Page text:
Gifts of War Dog breeding stock between European royalties were seen as suitable tokens for exchange throughout the Middle Ages. Other civilizations, like the Spanish Conquistadors, used armored dogs to defend caravans or attack enemies.

The British used dogs when they attacked the Irish and the Irish in turn used Irish Wolfhounds to attack invading Norman knights on horseback. A single Wolfhound was often capable of taking a mounted man in armor off his horse, where the lightly armed handler would finish him off if necessary.

Frederick the Great used dogs as messengers during the Seven Years’ War with Russia, and Napoleon also used dogs during his campaigns. Dogs were used up until 1770 AD to guard naval installations in France.

The earliest official use of dogs for military purposes in the United States was during the Seminole WarsHounds were used in the American Civil War to protect, send messages and guard prisoners. Dogs were also used as mascots in American World War I propaganda and recruiting posters.WWI Poster

Romans gathered up dogs from throughout the Empire and separated them into 3 categories: Celere – those that ran down wild animals; Pugnaces – those that attacked wild animals; and Villatici – those that guarded farms.

These “groups” of dogs can be roughly translated into what would be modern day hounds, the Cane Corso and Neapolitan Mastiff respectively.  To augment the Canis Pugnaces abilities, dogs from England were brought back to the Empire.

It was said of the Pugnaces Britanniae “they were inflamed with the spirit of Mars the god of war”. Interestingly enough, many believe the infusion of the dogs from England is responsible for the undershot bite in the Cane Corso.

War Dogs were typically one of a pair of breeds. They were either the Molossus of the Molossia region of Epirus or Cane Corso from Italy.

The Molossus was the strongest known to the Romans, and was specifically trained for battle.Molossian

This ancient extinct breed of dog is commonly considered to be the ancestor of today’s Mastiff-type dogs and of many other modern breeds. Mastiff-type dogs are the best-known breeds of Greco-Roman antiquity.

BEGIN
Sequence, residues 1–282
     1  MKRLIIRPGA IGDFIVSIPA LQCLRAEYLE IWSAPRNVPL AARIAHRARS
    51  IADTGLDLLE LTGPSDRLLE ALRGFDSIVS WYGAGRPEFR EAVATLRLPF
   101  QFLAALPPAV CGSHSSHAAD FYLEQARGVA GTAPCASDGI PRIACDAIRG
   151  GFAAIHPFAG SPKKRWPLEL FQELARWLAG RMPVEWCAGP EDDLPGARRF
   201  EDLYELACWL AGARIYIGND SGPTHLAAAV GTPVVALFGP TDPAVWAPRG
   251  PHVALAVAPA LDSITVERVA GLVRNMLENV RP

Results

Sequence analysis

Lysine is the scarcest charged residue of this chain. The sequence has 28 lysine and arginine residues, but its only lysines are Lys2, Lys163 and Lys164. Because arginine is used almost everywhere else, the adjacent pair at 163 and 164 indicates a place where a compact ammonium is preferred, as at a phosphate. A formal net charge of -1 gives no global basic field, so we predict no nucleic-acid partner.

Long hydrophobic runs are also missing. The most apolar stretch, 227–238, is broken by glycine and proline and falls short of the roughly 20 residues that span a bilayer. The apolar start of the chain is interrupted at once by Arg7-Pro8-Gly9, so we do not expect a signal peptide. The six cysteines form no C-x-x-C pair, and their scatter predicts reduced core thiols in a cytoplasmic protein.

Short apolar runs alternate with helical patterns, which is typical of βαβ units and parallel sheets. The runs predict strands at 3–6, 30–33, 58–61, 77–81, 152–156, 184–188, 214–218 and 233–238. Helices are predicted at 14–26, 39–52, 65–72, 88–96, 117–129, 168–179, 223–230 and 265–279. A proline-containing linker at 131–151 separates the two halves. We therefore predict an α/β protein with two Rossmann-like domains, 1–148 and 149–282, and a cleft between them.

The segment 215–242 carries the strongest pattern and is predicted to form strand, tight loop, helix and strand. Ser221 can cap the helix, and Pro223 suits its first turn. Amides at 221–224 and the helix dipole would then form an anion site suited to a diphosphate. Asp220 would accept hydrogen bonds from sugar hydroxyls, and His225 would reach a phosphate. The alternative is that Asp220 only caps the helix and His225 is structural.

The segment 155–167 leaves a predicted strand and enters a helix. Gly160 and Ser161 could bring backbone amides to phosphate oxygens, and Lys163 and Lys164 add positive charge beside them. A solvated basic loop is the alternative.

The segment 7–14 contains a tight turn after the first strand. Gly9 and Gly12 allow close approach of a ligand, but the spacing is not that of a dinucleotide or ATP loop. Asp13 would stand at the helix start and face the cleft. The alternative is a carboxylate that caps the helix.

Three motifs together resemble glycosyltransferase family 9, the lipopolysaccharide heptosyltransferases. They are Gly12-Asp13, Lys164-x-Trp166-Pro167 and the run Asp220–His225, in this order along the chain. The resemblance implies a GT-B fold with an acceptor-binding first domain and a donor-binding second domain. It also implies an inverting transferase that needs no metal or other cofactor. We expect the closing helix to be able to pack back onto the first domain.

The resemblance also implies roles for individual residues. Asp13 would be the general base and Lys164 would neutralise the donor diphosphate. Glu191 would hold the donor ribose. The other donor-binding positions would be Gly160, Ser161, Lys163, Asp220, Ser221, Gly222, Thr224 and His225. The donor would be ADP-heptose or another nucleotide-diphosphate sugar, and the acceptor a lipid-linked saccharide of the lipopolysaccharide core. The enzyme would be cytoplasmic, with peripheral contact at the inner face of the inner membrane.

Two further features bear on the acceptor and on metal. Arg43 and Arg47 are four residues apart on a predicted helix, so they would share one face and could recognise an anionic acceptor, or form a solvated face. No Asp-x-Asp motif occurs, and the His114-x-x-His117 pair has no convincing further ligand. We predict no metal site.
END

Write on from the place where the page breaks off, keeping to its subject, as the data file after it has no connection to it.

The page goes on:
Most scholars agree that the Molossus originated with the Molossis people in the mountainous regions of North West Ancient Greece and southern Albania. The Molossians were renowned for their vicious hounds, which were used by Molossian shepherds in the mountains of northwestern Greece to guard their flocks.

The breed later spread to Italy and other places in the Greek World by colonizing Hellenic peoples from Greece and the rest of the Balkans.

Some scholars contend that the Molossus was a dog used by the Ancient Greeks for fighting. They describe it as having a wide, short muzzle and a heavy dewlap that was used to fight tigers, lions, elephants and men in battle.Molossian Attack

Centuries later the Roman Army would routinely deploy its own War Dogs, with whole companies composed entirely of dogs. The Canis Molossus was the Legion’s preferred breed for combat.

The Romans first encountered these Molossians of Epirus during the Macedonian Wars and renamed them Pugnaces because of their willingness to fight. As was the Roman way, what they assimilated they improved upon.

Molossian dogs were also used by the Greeks and Romans for hunting (canis venaticus) and to watch over the house and livestock (canis pastoralis).

“Never, with them on guard,” says Virgil, “need you fear for your stalls a midnight thief, or onslaught of wolves, or Iberian brigands at your back.”Dogs Used